For storage, we also follow the same methodology as Cloud Jewels by deriving a Wh/Tbh coefficient for both HDD and SSD storage types. However we updated the coefficients to be more accurate for the year 2020, based projections from the same 2016 U.S Data Center Usage Report.

Here is the estimated HDD energy usage:

  • HDD average capacity in 2020 = 10 Terabytes per disk
  • Average wattage per disk for 2020 = 6.5 Watts per disk

Watts per Terabyte = Watts per disk / Terabytes per disk: 6.5 W / 10 TB = 0.65 Watt-Hours per Terabyte-Hour for HDD

Here is the estimated SSD energy usage:

  • SSD average capacity in 2020 = 5 Terabytes per disk
  • Average wattage per disk for 2020 = 6 Watts per disk

Watts per terabyte = Watts per disk / Terabytes per disk: 6 W / 5 TB = 1.2 Watt-Hours per Terabyte-Hour for SSD

When it comes to measuring the Terabytes from cloud providers, we query for the allocated bytes rather than the utilized bytes, because this is a more accurate reflection of the energy needed to support that usage. For example, an organization may have a 20 Gigabyte AWS EBS Volume allocated, but is only utilizing 2 Gigabytes for this block storage device. In this case we would use 20 GBs in the energy estimation formula for EBS storage.

Replication Factors

In order to achieve adequate durability and availability for data stores and to ensure better redundancy in the case of service outages, most cloud provider storage, database services and node pools automatically replicate your data as well as any associated compute and memory resources. Sometimes this is within an individual data center, other times it is within a geographical location or across multiple geographical locations.

Because of this, the actual infrastructure (and energy) required to provide a given amount of storage can be multiple times more than what might be provided by cloud providers as the allocated amount of usage. After analyzing cloud storage, database services and node pools, we have determined a number of “replication factors” to take this into account, which you can see the details of in this spreadsheet. These replication factors are applied to the total energy and CO2e estimate for each storage or database service (inclusive of all types of resources replicated).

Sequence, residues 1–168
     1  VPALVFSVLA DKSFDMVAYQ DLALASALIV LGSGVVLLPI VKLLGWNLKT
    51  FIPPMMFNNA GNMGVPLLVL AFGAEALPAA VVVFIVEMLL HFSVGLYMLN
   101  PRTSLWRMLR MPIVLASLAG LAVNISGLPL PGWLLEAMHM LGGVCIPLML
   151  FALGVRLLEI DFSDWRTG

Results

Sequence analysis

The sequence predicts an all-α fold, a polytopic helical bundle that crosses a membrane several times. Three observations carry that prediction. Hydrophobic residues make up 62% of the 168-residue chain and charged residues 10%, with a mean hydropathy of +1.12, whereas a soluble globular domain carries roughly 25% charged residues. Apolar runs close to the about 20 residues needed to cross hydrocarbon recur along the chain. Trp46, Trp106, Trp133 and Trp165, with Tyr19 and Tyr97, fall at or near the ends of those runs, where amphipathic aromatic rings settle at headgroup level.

Currently, our application takes into account only the data exchanged between different geographical data centers.

For networking, it is safe to assume that the electricity used to power the internal network is close to 0, or at least negligible compared to the electricity required to power servers. We also have chosen to ignore traffic that leaves a data center to provide end-users with services, because this traffic is usually handled by CDN providers (Content delivery network) which are not necessarily the same provider as for cloud computing. This traffic is also dependent on the behavior of end-users. That said, we would welcome contributions to be able to include this in our approach.

Studies to date

There have not been many studies that deal specifically with estimating the electricity impact of exchanging data across data-centers. Most studies focus on estimating the impact of end-user traffic from the data center to the mobile phone; integrating the scope of the core network (what we are interested in), the local access to internet (optical fiber, copper, or 3G/4G/5G) and eventually the connection to the phone (WiFi or 4G).

On top of that, these studies use different methodologies and end up with results with orders of magnitude in differences. See appendix IV below for a summary of the most recent studies. Note that it is very hard to find recent studies that provide an estimation for optical fiber networks, the scope we are interested in.

Chosen coefficient

It is safe to assume hyper-scale cloud providers have a very energy efficient network between their data centers with their own optical fiber networks and submarine cable [source]. Data exchanges between data-centers are also done with a very high bitrate (~100 GbE -> 100 Gbps), thus being the most efficient use-case. Given these assumptions, we have decided to use the smallest coefficient available to date: 0.001 kWh/Gb. Again, we welcome feedback or contributions to improve this coefficient.


Chosen Coefficient

For the purpose of estimating energy consumption for memory, we are assuming hyper-scale cloud providers are utilizing the more efficient memory systems on the market: DDR4 or potentially DDR5. Two memory manufacturers have provided some information about the energy profile of DDR4 memory systems. Crucial says that “As a rule of thumb, however, you want to allocate around 3 watts of power for every 8GB of DDR3 or DDR4 memory,” which amounts to ~0.375 W/GB. Micron provides a power model that states “... each DRAM will consume approximately 408.3mW of total power,” which equals a power consumption of ~0.4083 W/GB. Given this information, we have decided to take the average of both these figures, and go with 0.392 W/GB, or 0.000392 kW/GB. In the application we have implemented this as 0.000392 Kilowatt Hour / Gigabyte Hour. We want to acknowledge that this is a complex subject with limited available data, and welcome additional research or studies to improve this coefficient.